Food production, storage and distribution have an unavoidable impact on the environment. FWD members seek to minimise this through initiatives that increase the efficiency of the supply chain, from the producer to the consumer.
Initiatives include: route optimisation technology; driver training; low carbon fuels; back hauling and recycling of waste and packaging; reducing packaging; recycling used cooking oil and reducing waste to landfill.
FWD is working closely with Government on its 25 year environment plan and other environmental policy proposals including those around using the tax system to tackle the use of single use plastics and other ways to tackle plastic waste.
Pressure had been growing for the Government to introduce a Deposit Return Scheme, which is intended to cut plastic, glass and metal drinks container waste by incentivizing consumers who return their drinks containers with a small cash sum.
The House of Commons Environment, Food and Rural Affairs Committee has launched an inquiry into plastic food and drink packaging. The Committee is seeking evidence on the following questions:
using alternatives to, and reducing consumers’ use of plastic food and drink packaging?
FWD will be responding to the Committee’s call for written evidence.
January 14: The Government has published its finalised Clean Air Strategy which has the following implications for FWD wholesalers:
The strategy notes that analysis shows that the actions set out in this strategy can meet the Government’s ambitious emissions reduction targets, if they are implemented with the necessary pace and determination. The Government also claims that these improve on current EU rules.
December 20: The Government has published its Resources and Waste Strategy, setting out how it wants to make the UK a world leader in using resources efficiently. The overarching theme of the strategy is that businesses and manufacturers will pay the full cost of recycling or disposing of their packaging waste.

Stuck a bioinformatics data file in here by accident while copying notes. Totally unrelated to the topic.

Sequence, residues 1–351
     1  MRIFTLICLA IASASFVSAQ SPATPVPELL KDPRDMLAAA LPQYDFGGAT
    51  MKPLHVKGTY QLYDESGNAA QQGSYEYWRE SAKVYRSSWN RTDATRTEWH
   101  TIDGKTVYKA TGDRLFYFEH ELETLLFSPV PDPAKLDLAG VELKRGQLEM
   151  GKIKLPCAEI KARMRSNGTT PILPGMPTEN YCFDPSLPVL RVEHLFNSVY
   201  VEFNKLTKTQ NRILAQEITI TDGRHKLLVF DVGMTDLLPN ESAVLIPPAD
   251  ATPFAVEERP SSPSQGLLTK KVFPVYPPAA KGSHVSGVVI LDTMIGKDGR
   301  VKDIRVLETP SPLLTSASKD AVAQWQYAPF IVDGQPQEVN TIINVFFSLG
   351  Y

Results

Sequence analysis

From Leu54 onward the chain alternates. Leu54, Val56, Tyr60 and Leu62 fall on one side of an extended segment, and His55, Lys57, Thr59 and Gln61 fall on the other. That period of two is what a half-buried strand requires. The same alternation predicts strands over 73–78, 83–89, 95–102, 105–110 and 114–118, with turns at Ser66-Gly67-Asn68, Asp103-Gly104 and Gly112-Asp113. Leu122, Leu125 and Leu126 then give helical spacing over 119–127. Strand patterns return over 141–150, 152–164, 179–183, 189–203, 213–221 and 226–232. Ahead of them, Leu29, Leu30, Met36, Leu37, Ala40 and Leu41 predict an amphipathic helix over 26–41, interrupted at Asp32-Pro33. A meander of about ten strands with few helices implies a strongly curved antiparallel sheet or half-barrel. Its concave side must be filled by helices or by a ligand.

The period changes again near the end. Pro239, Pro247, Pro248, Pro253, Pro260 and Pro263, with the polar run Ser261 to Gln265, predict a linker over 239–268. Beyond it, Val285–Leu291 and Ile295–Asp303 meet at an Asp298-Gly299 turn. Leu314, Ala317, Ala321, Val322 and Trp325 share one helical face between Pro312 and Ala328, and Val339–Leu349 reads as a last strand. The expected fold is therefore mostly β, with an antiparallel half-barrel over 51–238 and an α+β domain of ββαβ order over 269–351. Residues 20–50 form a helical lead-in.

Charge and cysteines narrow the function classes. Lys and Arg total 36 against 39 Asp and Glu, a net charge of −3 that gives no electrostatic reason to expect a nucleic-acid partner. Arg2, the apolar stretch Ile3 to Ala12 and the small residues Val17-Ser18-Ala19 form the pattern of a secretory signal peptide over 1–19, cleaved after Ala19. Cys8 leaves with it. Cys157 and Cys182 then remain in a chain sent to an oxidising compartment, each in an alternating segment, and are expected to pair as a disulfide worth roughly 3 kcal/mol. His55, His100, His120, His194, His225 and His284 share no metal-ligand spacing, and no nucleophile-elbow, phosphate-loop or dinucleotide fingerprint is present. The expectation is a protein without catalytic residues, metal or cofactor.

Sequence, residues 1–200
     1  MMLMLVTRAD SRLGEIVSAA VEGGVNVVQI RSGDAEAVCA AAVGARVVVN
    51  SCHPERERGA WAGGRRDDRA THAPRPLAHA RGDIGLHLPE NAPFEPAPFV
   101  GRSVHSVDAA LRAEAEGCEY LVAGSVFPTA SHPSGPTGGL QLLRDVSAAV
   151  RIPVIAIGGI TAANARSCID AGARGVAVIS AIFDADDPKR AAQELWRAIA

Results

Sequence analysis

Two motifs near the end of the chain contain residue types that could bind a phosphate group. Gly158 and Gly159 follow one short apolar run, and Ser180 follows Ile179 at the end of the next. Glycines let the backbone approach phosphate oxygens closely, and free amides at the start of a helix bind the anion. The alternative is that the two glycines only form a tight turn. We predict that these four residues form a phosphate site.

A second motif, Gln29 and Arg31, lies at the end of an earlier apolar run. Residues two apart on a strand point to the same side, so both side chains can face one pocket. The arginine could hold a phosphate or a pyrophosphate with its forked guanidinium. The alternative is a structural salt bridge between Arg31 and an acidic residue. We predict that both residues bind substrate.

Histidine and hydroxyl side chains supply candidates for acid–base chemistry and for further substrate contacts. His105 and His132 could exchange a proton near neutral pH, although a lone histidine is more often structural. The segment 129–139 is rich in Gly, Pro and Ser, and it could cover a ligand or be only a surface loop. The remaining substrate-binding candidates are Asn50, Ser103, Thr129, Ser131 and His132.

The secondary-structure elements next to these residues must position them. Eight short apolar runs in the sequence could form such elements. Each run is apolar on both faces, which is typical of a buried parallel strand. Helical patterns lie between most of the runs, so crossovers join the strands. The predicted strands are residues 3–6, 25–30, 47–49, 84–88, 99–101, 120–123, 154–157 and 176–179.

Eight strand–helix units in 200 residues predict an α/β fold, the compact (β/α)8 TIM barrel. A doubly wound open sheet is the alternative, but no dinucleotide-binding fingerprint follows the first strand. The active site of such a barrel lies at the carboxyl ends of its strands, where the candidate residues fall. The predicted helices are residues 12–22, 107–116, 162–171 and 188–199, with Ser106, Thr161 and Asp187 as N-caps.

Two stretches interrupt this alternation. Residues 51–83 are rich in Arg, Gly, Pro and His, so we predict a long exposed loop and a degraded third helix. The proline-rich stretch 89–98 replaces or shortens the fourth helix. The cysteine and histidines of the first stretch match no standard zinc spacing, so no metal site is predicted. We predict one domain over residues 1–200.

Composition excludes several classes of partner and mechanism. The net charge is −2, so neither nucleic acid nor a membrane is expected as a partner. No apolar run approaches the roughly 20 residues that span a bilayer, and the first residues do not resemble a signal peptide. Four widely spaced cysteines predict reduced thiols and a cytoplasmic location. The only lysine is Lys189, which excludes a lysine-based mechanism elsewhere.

The Government are using the ‘polluter pays’ principle and will extend producer responsibility for packaging, ensuring that producers pay the full costs of disposal for packaging they place on the market. This means that retailers could be charged penalties for putting difficult to recycle packaging – such as black plastic trays – on the market. As an incentive, they would be charged lower fees for packaging that is easy to reuse or recycle. Currently the taxpayer, through local authorities, funds 90% of the costs of recycling and businesses just 10%. The scheme could also see producers of waste cover the full costs of recycling and collecting it. A consultation on this extension is expected in early 2019, and plans are set to come into force in 2023. Wholesalers’ current exemption from the Packaging Recovery Note scheme is not referenced in the strategy, but FWD will engage in this consultation to ensure their views are heard.
Deposit Return Scheme
The Government will introduce a deposit return scheme, which will be subject to consultation also expected in early 2019 and set to come into force in 2023. The scheme will be aimed at increasing the recycling of single-use drinks containers including bottles, cans and disposable cups filled at the point of sale. The strategy does stipulate that the Government’s preference is to adopt a UK-wide approach to DRS if it is introduced.
The strategy puts pressure on the supply chain to voluntarily reduce the amount of single use plastics – plans are already in place from 2022 for a tax on plastic packaging that does not have a 30% minimum recycled content. If sufficient voluntary progress is not made by businesses, then the Government will consider other options and forthcoming consultations will consider whether or not to drive further progress by including disposable cups filled at the point of sale in a DRS; using the reformed packaging producer responsibility system to provide a strong incentive for business to provide cups that are easy to recycle; and setting targets to encourage higher levels of recycling.
The Government plan to consult on increasing the 5p plastic bag charge to 10p and extending the scheme to smaller retailers. A consultation on this also expected in early 2019. After the success of the 5p plastic bag charge, the Government will look at the relative costs and benefits of different approaches, including taxes, charges and other policy instruments such as regulations or bans, which have been proposed for plastic straws, stirrers and cotton buds, for example.
The Government will also look at providing ‘Eco labels’, which are used around the world to show that a product meets a certain standard of environmental performance. The strategy notes “under extended producer responsibility for packaging we could require producers to ensure that packaging items are clearly labelled as to whether or not they can be recycled.”